Sizing up Putin’s stability
When Trump was dealing with autocrat
It has been very difficult to grasp why President Biden waited this long to decide–and he was clearly pushed–to ban Russian oil and gas imports.
By finally taking that step yesterday, Biden was bowing to the reality that Congress was going to move against Moscow without him.
If the war against Ukraine is the great moral test of our time, as the president has been framing it, one that justified crushing economic sanctions against Vladimir Putin’s regime, how could this one be left off the list?
Ukrainian refugees rest in a tent upon arrival at the Romanian-Ukrainian border point Isaccea-Orlovka in Isaccea, Romania, on March 8, 2022.
(Photo by DANIEL MIHAILESCU/AFP via Getty Images)
The glib answer is that he was worried about the impact of rising energy prices here at home. But for all the media hand-wringing about that, it’s been easy to lose sight of the fact that less than 10 percent of our oil imports come from Russia.
That’s not to minimize the political potency of soaring gas prices, which the Republicans would undoubtedly blame on Biden.
But when you look at 2 million refugees fleeing Ukraine, civilian neighborhoods under bombardment, the death toll rising, it does seem rather wimpy to exclude Russia’s biggest export–the only product that other countries really want to buy.
Biden, of course, had to consider one major factor that the pundits do not, and that was moving in concert with our NATO allies. Europe is far more dependent on Russian oil and gas, for about a third of its needs.
Finnish Air Force F-18 are seen during a NATOs Baltic Air Policing drill
(JOHN THYS/AFP via Getty Images)
In the end, he is acting alone–Britain phasing out Russian oil by year’s end is an empty gesture–and that greatly limits the impact on Moscow. But symbolism matters in American politics.
What was really driving the president’s move was a surge in support within his own party. Republicans pretty strongly favored a boycott of Kremlin oil, but Democrats started jumping on the bandwagon.
When Nancy Pelosi said Monday that she’d introduce an oil ban this week, it seemed like only a matter of time before the White House got on board, given her control of the House.
At the same time, the Senate’s No. 2 Democrat, Dick Durbin, was supporting a bipartisan bill championed by Joe Manchin, whose coal state could benefit. How would Biden explain why leading Democrats wouldn’t back his position?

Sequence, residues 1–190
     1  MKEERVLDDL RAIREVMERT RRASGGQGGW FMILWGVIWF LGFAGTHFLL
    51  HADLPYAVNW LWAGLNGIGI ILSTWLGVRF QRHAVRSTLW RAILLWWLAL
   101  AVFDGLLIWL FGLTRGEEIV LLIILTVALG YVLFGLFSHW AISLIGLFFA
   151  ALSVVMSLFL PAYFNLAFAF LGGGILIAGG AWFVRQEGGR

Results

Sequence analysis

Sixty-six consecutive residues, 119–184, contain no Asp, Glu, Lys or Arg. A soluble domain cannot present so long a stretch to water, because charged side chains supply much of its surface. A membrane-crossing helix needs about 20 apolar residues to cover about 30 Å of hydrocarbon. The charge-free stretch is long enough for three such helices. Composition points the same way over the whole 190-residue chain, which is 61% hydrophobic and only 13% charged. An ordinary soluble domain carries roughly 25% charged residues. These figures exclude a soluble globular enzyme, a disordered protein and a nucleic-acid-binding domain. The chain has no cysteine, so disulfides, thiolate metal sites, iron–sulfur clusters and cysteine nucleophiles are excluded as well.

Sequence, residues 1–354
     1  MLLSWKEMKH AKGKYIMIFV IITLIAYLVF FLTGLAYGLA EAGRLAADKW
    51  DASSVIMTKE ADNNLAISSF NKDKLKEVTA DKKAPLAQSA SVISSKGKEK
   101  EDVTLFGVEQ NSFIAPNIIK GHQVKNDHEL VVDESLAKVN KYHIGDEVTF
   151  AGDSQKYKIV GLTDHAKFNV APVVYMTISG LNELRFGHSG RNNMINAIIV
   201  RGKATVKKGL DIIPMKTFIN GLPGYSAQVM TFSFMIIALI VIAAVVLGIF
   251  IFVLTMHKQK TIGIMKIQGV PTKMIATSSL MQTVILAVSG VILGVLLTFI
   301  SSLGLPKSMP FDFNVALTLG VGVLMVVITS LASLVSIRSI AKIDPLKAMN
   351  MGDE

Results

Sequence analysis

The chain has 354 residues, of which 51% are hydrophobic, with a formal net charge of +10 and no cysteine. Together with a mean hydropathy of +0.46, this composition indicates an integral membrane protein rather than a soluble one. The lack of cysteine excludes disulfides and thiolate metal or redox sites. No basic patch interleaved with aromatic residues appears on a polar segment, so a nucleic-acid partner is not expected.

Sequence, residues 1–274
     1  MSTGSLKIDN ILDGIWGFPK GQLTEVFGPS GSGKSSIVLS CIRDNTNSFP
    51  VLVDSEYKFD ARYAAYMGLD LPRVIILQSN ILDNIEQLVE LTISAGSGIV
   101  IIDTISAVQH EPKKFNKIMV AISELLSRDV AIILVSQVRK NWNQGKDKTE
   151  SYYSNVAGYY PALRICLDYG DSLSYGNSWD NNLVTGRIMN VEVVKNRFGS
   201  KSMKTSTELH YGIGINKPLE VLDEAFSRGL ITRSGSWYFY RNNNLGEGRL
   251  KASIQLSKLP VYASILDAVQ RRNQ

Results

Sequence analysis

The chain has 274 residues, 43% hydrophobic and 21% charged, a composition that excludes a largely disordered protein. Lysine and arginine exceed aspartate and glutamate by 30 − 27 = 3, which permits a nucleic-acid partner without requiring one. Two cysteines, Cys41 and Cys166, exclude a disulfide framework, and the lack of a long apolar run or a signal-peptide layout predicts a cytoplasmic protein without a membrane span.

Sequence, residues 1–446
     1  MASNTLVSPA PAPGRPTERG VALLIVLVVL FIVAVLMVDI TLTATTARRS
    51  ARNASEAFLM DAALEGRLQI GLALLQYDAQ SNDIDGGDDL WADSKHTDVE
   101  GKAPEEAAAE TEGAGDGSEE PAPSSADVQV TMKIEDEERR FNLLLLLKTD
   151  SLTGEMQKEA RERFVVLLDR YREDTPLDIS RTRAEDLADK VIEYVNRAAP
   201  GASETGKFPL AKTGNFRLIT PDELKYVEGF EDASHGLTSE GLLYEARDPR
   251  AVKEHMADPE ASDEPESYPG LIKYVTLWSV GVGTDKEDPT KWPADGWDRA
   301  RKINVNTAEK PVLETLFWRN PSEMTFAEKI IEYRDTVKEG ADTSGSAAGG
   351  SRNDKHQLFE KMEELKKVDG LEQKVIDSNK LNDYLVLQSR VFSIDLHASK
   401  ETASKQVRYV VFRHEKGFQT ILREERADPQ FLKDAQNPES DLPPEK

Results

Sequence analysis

A Politico story yesterday morning reported that the president was trying to avoid a fight with Congress over Russian oil “as he faces the increasing possibility that his own party will act if he doesn’t.”
That, my friends, is the sound of a train leaving the station, with or without the conductor.
The piece said Biden wanted to avoid legislative provisions that could tie his hands and “the potential embarrassment of lawmakers appearing tougher on Putin than the president.” There was a point in Barack Obama’s second term when the New Yorker dubbed this “leading from behind.” But at least Biden got there. He took no questions yesterday.
The president was careful to say that what he called “Putin’s price hike” is “going to cost us as well.” He was pointed in warning oil companies that “it’s no time for profiteering or price gouging.”
He also denied that he is holding back domestic oil exploration, and pointed to his release of millions of barrels from the strategic reserve as a way of cushioning the blow of higher prices.
Multiple rocket launchers fire during the Belarusian and Russian joint military drills
(Russian Defense Ministry Press Service via AP, File)
After two weeks, Putin’s military has sustained some serious losses, with Ukrainians still managing to shoot down jets and destroy tanks while waiting for the West to supply new military equipment through Poland and Romania. Ukrainian President Volodymyr Zelenskyy’s defiant video from his presidential office, declaring that he’s not in hiding, captured the country’s determination to make Putin’s erratic military fight block by block.
But these setbacks are also pushing the Russian autocrat toward more destructive action, such as indiscriminate firing of long-range missiles.
If Biden’s latest sanction has an impact on Russia, where the ruble is worth less than a penny, some U.S. analysts fear that Putin might be driven to more desperate attempts to destroy its neighbor. He could, of course, stop this war today, grab some face-saving compromise, and declare victory. But the world no longer expects Putin to act like a rational person.
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